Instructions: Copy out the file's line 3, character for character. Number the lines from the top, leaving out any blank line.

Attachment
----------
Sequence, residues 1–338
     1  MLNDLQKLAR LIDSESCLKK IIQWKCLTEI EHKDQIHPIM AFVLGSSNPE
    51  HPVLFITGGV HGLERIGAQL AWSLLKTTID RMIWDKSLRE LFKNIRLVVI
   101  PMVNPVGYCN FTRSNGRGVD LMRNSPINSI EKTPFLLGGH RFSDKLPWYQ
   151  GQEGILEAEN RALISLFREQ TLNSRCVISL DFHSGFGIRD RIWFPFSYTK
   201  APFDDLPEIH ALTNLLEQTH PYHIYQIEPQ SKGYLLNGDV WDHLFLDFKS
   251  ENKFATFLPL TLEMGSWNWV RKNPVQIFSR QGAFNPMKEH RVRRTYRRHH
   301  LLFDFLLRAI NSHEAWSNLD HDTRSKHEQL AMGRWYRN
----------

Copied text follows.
    51  HPVLFITGGV HGLERIGAQL AWSLLKTTID RMIWDKSLRE LFKNIRLVVI